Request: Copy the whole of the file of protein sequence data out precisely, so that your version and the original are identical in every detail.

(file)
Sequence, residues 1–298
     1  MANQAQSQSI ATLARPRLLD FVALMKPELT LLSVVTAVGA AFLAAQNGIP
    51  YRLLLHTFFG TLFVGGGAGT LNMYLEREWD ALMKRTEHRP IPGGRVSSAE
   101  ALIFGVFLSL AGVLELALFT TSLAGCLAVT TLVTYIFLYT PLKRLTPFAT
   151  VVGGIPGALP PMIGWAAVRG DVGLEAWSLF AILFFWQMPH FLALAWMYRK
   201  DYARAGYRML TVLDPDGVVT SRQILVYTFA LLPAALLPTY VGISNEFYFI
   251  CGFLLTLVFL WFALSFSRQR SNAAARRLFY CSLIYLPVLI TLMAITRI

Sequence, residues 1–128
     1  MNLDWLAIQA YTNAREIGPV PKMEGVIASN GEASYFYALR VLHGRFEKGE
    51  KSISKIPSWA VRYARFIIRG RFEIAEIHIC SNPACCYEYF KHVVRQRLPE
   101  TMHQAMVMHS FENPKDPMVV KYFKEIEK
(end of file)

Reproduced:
Sequence, residues 1–298
     1  MANQAQSQSI ATLARPRLLD FVALMKPELT LLSVVTAVGA AFLAAQNGIP
    51  YRLLLHTFFG TLFVGGGAGT LNMYLEREWD ALMKRTEHRP IPGGRVSSAE
   101  ALIFGVFLSL AGVLELALFT TSLAGCLAVT TLVTYIFLYT PLKRLTPFAT
   151  VVGGIPGALP PMIGWAAVRG DVGLEAWSLF AILFFWQMPH FLALAWMYRK
   201  DYARAGYRML TVLDPDGVVT SRQILVYTFA LLPAALLPTY VGISNEFYFI
   251  CGFLLTLVFL WFALSFSRQR SNAAARRLFY CSLIYLPVLI TLMAITRI

Sequence, residues 1–128
     1  MNLDWLAIQA YTNAREIGPV PKMEGVIASN GEASYFYALR VLHGRFEKGE
    51  KSISKIPSWA VRYARFIIRG RFEIAEIHIC SNPACCYEYF KHVVRQRLPE
   101  TMHQAMVMHS FENPKDPMVV KYFKEIEK